Discover how the electronic duo, Guy-Manuel de Homem-Christo and Thomas Bangalter, rose to fame starting in the late 1990s as part of the French house movement. Their iconic hits combine elements of house music with funk, techno, disco, rock and synthpop.
Guy-Manuel de Homem-Christo and Thomas Bangalter first met in 1987 at Lycée Carnot, a school in Paris. They spent their time together recording demo tracks with other students at the school. They eventually formed a rock band with their friend, Laurent Brancowitz, in 1992. The band, Darlin', was named after a song by The Beach Boys of the same name, which they often did covers of during their live shows. The band's first EP received a negative review that called their musical style, daft punky thrash. After Darlin' disbanded, Brancowitz joined the band, Phoenix. Guy-Manuel and Thomas started to make electronic music, using drum machines and synthesizers. Amused by the review, they called themselves, Daft Punk.
During a rave at EuroDisney in 1993, Daft Punk handed Stuart Macmillan of Slam, co-founder Soma Quality Recordings, a demo tape which eventually became the basis for their first single, "The New Wave", released a year later. In 1995, they recorded "Da Funk", their first commercial hit single. Over 30,000 copies of the single were sold. In September 1996, Daft Punk signed a deal with Virgin Records to license their music through Daft Trax, their self-made production company. Daft Punk's first show in the U.S. was played at an Even Further event. They played a number of shows across the country throughout the late nineties. Their DJ sets included a wide variety of music styles. They even mixed in vinyl records from their personal collection. In 1997, Daft Punk recorded their debut album, "Homework", in their bedroom which included one of their most popular songs, "Around the World".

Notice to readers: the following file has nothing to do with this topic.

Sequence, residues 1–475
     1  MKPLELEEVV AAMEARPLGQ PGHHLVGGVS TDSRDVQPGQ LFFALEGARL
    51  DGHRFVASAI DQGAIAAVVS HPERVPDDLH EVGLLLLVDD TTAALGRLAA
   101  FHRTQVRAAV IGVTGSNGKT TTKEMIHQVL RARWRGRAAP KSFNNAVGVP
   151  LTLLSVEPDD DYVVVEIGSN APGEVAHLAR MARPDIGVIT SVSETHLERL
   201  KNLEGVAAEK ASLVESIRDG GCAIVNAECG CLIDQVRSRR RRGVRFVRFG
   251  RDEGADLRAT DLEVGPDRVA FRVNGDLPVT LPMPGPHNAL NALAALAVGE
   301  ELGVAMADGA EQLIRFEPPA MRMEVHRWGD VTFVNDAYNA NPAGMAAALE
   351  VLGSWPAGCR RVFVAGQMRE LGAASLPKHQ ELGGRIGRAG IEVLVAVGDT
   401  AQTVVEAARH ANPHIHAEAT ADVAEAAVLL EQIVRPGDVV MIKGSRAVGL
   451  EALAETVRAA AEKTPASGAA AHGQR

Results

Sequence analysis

Daft Punk started recording their second album, Discovery, in 1998. The group sampled various songs and themes from the late '70s and early '80s to create music with a strong synthpop sound. They wanted to make an album that would allow fans to reconnect with the discovery phase of childhood, when attitudes were more open-minded. When fans first heard the album in 2001, they were stunned at the change in music style. The album was wildly successful, generating a new era of Daft Punk fans. The famous single, "One More Time", was played all throughout major clubs in the UK. "Digitial Love" and "Harder, Better, Faster, Stronger" were both popular on the UK dance charts as well. In 2003, the group worked under the supervision of Leiji Matsumoto, a famous anime creator, to produce a feature-length animated film, "Interstella 5555". The plot of the movie coincides with the tracks featured on Discovery. The album, Daft Club, was released to help promote the film. It featured a set of remixes that had only be accessible through an online membership service they created of the same name.